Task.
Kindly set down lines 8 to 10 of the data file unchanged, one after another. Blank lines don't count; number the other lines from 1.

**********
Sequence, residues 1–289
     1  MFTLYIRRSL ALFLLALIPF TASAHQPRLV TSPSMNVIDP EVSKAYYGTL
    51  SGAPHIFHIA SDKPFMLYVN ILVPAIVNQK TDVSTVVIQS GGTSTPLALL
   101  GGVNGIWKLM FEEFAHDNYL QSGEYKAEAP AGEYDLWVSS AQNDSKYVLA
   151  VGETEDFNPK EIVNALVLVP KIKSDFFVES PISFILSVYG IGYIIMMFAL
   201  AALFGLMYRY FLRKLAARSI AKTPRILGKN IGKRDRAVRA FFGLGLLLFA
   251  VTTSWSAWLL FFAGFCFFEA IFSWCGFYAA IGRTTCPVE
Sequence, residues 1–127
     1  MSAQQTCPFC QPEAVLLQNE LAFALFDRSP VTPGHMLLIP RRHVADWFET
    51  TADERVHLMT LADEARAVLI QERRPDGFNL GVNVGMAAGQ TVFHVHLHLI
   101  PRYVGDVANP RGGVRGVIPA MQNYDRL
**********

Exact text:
Sequence, residues 1–127
     1  MSAQQTCPFC QPEAVLLQNE LAFALFDRSP VTPGHMLLIP RRHVADWFET
    51  TADERVHLMT LADEARAVLI QERRPDGFNL GVNVGMAAGQ TVFHVHLHLI